The Tomatometer rating – based on the published opinions of hundreds of film and
television critics – is a trusted measurement of movie and TV programming quality
for millions of moviegoers. It represents the percentage of professional critic reviews
that are positive for a given film or television show.
From the Critics
From RT Users Like You!
The Tomatometer is 60% or higher.
The Tomatometer is 59% or lower.
Movies and TV shows are Certified Fresh with a steady Tomatometer of 75% or
higher after a set amount of reviews (80 for wide-release movies, 40 for
limited-release movies, 20 for TV shows), including 5 reviews from Top Critics.
Percentage of users who rate a movie or TV show positively.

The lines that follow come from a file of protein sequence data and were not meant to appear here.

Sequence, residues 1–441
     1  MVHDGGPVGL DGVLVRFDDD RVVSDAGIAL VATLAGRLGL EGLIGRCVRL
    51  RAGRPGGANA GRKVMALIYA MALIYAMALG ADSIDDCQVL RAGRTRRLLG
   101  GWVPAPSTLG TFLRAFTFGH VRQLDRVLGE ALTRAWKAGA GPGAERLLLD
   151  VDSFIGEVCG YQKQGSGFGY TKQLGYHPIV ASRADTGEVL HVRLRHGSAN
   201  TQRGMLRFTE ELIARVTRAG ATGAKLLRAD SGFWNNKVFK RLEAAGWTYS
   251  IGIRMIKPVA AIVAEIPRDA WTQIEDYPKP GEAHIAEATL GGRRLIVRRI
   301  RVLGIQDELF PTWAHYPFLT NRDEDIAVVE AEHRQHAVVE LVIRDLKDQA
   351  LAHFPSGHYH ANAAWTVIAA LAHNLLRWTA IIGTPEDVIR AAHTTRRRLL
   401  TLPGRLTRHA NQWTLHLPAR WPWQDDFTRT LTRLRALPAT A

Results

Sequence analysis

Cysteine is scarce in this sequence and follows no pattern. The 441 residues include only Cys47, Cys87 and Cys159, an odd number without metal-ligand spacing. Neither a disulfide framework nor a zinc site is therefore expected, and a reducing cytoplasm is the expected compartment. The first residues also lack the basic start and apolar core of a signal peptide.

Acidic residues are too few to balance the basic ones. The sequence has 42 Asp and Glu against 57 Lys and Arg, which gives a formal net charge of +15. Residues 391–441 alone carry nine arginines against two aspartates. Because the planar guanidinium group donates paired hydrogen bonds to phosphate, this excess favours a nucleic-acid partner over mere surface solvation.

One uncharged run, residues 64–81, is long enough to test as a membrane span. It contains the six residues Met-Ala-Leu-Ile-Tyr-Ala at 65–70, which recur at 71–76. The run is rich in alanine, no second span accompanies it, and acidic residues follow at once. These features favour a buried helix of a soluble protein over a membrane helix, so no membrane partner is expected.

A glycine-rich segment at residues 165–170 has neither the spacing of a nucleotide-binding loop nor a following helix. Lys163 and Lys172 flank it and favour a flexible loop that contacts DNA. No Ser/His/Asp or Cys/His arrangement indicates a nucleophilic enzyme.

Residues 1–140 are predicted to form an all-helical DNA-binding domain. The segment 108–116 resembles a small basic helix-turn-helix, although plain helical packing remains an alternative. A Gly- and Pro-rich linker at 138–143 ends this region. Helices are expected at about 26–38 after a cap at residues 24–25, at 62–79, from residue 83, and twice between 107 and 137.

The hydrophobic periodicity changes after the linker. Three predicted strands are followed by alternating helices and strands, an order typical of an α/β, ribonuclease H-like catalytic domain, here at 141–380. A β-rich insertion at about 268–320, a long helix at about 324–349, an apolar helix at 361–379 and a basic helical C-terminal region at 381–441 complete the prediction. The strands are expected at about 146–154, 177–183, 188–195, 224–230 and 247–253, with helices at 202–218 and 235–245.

Amidst much fanfare, Lillian Gish was signed to a fabulous MGM contract in 1925 which not only assured her $400,000 per picture but also gave her complete control over her productions, including choice of co-stars and directors. For her inaugural MGM effort, Gish selected La Boheme, the theatrical version of Henri Murger's 1851 novel The Latin Quarter. Thanks to copyright conflicts, MGM was unable to use the plot elements from the Giacomo Puccini opera based on the Murger book (there'd been plans to prepare a musical score based on Puccini's themes, but these fell through at the last moment), so scriptwriter Ray Doyle and Harry Behn relied almost exclusively on the original novel. Gish is cast as Mimi, the fragile little seamstress who takes up residence in Paris's "artists colony." Here she falls in love with aspiring painter Rodolphe (John Gilbert), who though professing undying devotion and dedication to Mimi cannot help but dally with other girls. To finance Rodolphe's artistic career, Mimi pawns all of her belongings and takes a series of back-breaking jobs, destroying her health in the process. Only when Mimi is on her deathbed does Rodolphe realize the extent of her sacrifices -- and of his love for her. Renee Adoree co-stars as the saucy Musette, whose double-entendre antics are toned down here, while Edward Everett Horton steals several scenes as Rodolphe's musician pal Colline. Though John Gilbert hams it up, Lillian Gish's brilliant performance is a model of restraint and subtlety. For her final scene, the actress went to appalling lengths to convincingly simulate death, going without water for three days and training herself to breathe without discernible movement (even when seen today, the effect is startlingly real). Available only for archival showings until the early 1970s, a restored version of La Boheme was reissued theatrically in 1978, while an even better restoration was made available to television in the 1990s through the auspices of the Turner Classic Movies cable service.